National park campgrounds in Argentina come in three varieties. There are the free camping spots. These literally are just open fields where they permit camping. There are absolutely no facilities, not even pit toilets. The lack of toilets was a surprise, as it's hard to imagine they'd want folks going to the toilet just anywhere, leaving their paper behind. But, I suppose it's no different than backpacking. Argentines don't seem to like these undeveloped sites. Of the 6 groups we encountered, one was a Chilean family, one was a group of three European RVs, another was a large group of Isreali 20 year olds, and us. The other two we don't know where they came from, but we'd bet 10 to 1 they weren't from Argentina.
The next step up in camping arrangements is the somewhat developed sites, which cost a few pesos per person. These have running water and pit toilets. There are no assigned sites, you just pick a spot to put your tent, and there are no picnic tables. These campgrounds are much more popular with Argentines and were much more crowded.
Finally there are the top of the line campgrounds. As with so many campgrounds in the U.S. parks and forests, these appear to be run by some contracting company. They have hot water showers, flush toilets, tables, a small market, and a parrilla/restaurant. These are the most popular with Argentines. Why not? They're the most comfortable. We found getting a shower was nice, but we really enjoyed staying in the uncrowded field with just those 5 other groups.
Finishing the Circuito Grande late at night, we returned to Bariloche to spend one last night in the tent at the Automobile Club campground. Hotels are fine for a while. But it doesn't take too long before we begin to long for our own space, specifically the tent or camper. The ground under may change every night, but the structure is ours to do with as we please. Early the next morning we returned the tent, returning to hotel life once again.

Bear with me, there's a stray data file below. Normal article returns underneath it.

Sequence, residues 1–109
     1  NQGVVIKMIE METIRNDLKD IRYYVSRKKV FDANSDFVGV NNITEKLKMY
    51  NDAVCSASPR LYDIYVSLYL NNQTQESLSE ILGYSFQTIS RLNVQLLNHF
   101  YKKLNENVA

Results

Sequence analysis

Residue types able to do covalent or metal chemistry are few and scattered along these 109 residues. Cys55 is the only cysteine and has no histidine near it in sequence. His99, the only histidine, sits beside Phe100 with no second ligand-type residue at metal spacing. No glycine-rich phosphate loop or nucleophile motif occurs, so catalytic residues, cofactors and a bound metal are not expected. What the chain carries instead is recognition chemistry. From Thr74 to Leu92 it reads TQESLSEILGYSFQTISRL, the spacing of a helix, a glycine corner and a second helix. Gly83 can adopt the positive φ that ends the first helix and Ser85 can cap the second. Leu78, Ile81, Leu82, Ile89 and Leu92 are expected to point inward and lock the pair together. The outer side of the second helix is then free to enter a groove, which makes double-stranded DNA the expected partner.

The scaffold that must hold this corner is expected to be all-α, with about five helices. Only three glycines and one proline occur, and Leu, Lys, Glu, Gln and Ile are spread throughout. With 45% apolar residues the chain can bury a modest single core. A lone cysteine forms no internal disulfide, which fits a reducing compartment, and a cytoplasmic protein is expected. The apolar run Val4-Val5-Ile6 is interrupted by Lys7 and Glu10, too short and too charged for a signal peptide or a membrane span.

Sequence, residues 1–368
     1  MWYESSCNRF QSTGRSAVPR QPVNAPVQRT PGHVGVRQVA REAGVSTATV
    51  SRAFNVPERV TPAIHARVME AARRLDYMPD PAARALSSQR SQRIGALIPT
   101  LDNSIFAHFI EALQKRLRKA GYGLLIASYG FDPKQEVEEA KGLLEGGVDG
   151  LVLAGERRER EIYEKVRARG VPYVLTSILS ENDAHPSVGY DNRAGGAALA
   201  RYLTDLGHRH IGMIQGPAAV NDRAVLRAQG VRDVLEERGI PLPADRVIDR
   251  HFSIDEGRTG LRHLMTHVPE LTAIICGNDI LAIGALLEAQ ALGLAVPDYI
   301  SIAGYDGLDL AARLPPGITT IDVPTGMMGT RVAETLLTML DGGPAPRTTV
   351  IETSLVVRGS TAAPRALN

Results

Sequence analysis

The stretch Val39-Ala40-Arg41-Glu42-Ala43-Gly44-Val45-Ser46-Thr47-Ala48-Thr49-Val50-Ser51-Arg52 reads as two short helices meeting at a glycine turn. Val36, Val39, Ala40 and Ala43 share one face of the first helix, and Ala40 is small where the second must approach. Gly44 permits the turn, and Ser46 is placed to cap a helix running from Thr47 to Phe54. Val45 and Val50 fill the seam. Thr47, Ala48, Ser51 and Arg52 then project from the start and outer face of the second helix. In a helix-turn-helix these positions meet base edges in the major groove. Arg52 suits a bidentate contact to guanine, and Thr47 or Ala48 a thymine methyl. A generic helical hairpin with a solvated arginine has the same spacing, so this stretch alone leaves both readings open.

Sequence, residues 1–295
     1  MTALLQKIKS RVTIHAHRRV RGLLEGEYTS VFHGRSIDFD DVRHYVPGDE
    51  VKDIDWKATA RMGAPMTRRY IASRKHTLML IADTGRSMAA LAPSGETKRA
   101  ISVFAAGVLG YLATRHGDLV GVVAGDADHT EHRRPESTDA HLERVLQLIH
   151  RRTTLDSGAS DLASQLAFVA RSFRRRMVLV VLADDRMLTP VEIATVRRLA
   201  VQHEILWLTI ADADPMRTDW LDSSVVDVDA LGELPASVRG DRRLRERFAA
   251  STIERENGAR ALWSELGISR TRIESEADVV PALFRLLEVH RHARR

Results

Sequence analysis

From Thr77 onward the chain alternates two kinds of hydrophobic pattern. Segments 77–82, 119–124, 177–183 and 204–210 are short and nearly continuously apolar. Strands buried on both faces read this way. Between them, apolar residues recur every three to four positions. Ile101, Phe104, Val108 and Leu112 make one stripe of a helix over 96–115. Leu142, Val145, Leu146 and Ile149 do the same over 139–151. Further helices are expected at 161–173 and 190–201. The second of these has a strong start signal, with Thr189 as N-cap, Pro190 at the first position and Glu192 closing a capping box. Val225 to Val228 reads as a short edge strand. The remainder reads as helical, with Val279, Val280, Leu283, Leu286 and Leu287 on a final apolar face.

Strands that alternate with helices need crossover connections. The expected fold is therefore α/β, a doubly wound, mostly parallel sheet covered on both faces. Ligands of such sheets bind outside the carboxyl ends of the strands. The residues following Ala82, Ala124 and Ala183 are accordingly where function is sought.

We still had a full day with the car before it needed to be returned and we wanted to take on one last of the more distant tourist destinations. Just outside Bariloche is the Cerro Cathedral, which is their main ski area. In summer, as with so many ski areas, it becomes a mountain biking playground. Bikes and riders take the chairlift to the top and then hurtle downhill as fast as they can without breaking their necks on the jumps and bumps. At Cerro Cathedral they also have a cable car and chair lift combination for those who just want a ride to the top for the view and don't want to try their skills on two wheels.
For those of us looking for something active, but not quite so active, you can walk the 1100-meter climb to the top supposedly following a specific route along one of the ski path. As we were to discover both on the ascent and descent, this trail that was supposed to be well marked really isn't. There are a plethora of ski paths leading up the mountain many of which dead end in a huge, steep field full of those sticky, prickly plants that seem so attracted to my pants. We've never seen so many prickers attached to a pair of pants before. Even after 1/2 hour picking them off, dozens still clung tenaciously. It took hours of picking and scraping to get them reasonably clean and a good laundering to get most of the rest. Even a week later a few sharp points were still stabbing. Lesson learned, don't leave the path even if it requires backtracking.
At last we had to return the car. By this time we'd had enough of dealing with difficult Argentine traffic laws so it was a bit of a relief to get rid of the car after all. We had one more day to wander around and some easy walking around the Circuito Chico was sufficient following that 1100-meter climb the day before. Then it was time to start working our way back toward Bolivia and Peru.